Latin America: If You Want to Lower Inflation, Avoid Price Controls!
Sergio Daga /
The recently reelected president of Ecuador, Rafael Correa, wants people to know he is determined to fight inflation through combating “speculation.” A noble goal, to be sure. But the weapons chosen for that battle by President Correa—a PhD economist trained at the University of Illinois—actually will doom his anti-inflation campaign.
Surely he knows that. So why is he doing it?
A few days ago Correa signed an executive decree establishing reference prices (i.e., price controls) on 46 different categories of food products. Correa claims the new price controls will enable the government to head off price speculators, reduce inflation, and help the poor gain access to basic food products.
Such a step might lead one to think that inflation is rampant in Ecuador. Yet as for 2012, inflation in the dollarized Ecuadorian economy was a relatively modest 4.5 percent, below the Latin American average of 5.1 percent and much lower than inflation rates in countries like Venezuela (26 percent) and Argentina (10 percent). Both of those countries long ago imposed price controls on food and other products, with notably undesirable but predictable effects.
It is true that the percentage of income spent by the poor on food in developing countries is pretty substantial. But price controls cause shortages—that is a fundamental economic law, like gravity. So, no matter what you do to control food prices, in the end these policies never help the poor to get better access to food products.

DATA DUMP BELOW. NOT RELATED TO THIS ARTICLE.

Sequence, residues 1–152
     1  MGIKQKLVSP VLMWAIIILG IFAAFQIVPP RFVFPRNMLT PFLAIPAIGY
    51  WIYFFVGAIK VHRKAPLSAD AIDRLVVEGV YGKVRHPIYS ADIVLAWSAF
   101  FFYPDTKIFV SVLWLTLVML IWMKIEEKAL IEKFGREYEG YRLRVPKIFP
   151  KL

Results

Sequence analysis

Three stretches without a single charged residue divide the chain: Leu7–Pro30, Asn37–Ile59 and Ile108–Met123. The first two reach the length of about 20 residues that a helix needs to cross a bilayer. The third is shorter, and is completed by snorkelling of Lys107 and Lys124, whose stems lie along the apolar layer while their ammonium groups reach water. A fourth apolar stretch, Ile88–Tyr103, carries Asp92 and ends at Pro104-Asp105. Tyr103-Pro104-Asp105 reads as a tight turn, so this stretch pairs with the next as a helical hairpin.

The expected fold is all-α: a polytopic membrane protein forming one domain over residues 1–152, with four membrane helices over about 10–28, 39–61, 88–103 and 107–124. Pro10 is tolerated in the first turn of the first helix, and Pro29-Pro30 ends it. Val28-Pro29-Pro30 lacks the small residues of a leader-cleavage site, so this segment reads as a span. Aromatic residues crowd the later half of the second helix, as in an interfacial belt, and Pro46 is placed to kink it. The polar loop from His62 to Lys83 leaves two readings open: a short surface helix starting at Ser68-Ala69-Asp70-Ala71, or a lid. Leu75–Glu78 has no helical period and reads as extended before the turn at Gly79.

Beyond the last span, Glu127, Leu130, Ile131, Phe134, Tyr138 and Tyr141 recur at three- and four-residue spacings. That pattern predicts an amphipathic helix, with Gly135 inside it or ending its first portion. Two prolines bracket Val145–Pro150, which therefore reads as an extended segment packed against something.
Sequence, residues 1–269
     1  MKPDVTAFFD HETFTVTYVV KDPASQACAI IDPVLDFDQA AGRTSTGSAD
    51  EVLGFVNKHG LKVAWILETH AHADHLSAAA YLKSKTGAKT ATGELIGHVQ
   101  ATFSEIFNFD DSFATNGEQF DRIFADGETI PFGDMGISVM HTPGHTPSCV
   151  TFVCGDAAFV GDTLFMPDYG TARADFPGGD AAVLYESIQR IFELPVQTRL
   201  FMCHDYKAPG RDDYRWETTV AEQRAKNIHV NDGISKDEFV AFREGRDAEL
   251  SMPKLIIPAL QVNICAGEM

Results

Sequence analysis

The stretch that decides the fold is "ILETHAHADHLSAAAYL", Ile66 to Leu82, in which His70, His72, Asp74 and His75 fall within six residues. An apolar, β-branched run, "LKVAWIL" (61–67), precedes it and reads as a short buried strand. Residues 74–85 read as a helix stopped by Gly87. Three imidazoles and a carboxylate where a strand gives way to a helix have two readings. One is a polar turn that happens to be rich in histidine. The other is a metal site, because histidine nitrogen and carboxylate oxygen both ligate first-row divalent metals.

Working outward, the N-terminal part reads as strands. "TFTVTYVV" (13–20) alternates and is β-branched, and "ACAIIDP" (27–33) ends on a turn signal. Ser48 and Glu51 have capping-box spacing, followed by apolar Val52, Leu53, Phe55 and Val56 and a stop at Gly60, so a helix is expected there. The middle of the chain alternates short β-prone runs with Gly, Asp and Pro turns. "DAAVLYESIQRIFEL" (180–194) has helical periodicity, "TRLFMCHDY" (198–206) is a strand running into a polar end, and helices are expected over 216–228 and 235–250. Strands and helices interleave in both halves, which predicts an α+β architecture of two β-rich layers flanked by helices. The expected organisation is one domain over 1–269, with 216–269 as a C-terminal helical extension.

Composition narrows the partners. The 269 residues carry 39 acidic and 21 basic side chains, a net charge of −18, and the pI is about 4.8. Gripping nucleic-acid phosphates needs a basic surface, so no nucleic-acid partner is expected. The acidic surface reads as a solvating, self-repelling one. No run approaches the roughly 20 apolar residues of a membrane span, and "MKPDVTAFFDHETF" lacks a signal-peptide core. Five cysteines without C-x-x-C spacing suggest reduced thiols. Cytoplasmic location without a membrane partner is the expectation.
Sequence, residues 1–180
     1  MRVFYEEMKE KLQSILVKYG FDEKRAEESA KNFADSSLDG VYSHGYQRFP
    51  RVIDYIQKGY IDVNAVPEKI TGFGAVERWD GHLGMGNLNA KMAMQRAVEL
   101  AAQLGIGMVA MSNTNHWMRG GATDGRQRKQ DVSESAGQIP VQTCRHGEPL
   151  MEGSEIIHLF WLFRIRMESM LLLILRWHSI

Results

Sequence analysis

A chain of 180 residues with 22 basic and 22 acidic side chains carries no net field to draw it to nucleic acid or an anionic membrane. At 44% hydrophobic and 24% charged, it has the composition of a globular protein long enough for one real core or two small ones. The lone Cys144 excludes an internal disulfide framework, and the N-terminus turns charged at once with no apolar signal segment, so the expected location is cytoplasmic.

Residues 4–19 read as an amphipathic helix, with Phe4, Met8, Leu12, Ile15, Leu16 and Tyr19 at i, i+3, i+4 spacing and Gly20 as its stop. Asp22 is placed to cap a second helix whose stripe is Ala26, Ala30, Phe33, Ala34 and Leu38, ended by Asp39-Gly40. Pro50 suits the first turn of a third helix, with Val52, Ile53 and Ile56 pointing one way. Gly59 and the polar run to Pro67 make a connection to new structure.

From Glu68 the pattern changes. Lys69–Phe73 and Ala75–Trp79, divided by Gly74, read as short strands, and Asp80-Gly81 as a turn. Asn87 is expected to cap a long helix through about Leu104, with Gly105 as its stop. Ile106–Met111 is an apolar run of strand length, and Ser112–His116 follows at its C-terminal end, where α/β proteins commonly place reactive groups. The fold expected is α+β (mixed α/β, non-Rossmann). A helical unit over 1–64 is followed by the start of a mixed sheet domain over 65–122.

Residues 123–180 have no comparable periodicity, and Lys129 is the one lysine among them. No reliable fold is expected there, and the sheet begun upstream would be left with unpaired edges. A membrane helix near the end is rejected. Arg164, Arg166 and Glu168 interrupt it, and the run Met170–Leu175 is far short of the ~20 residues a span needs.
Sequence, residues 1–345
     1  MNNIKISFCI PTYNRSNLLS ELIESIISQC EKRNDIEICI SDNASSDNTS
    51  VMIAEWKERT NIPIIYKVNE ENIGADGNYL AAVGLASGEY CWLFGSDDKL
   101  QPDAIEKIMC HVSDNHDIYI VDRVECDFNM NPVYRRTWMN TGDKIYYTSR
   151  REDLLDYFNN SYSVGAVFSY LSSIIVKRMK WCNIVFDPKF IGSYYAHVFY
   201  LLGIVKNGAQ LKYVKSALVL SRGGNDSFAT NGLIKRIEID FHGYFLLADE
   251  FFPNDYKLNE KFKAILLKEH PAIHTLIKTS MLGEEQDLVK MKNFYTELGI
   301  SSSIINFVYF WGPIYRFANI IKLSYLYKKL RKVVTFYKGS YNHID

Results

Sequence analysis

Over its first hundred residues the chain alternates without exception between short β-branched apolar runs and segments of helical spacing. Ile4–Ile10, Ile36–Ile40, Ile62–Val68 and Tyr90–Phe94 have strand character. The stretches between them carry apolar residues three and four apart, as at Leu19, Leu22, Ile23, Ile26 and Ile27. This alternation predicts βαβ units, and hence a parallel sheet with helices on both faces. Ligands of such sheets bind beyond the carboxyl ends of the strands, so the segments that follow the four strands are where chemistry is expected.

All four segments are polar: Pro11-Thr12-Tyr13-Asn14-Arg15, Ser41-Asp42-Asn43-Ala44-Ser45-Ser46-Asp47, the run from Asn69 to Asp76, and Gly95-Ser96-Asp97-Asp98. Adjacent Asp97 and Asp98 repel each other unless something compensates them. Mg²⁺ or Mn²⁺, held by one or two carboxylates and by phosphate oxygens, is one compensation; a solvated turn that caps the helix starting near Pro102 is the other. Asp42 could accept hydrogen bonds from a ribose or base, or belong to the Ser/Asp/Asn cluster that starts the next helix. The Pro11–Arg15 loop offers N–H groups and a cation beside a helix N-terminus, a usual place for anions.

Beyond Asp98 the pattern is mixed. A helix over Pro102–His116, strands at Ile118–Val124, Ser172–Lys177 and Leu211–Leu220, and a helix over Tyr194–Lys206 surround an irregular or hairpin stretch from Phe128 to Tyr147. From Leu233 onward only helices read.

Worse still, the only ones in Ecuador that are certain to benefit from price controls are the bureaucrats hired to write the Byzantine rules by which to enforce them. Cronyism, black markets, and parallel or unofficial prices are other unintended consequences of price controls and, given that we are talking about basic food products here, these are just the sorts of policy outcomes to avoid.
Last, and most importantly, these policies also undermine free market mechanisms and will reduce opportunities for Ecuadorians to become freer and more prosperous. As reported in The Heritage Foundation/Wall Street Journal’s 2013 Index of Economic Freedom, Ecuador is already ranked as a country where economic freedom is repressed—President Correa’s recent action is the latest confirmation of that finding.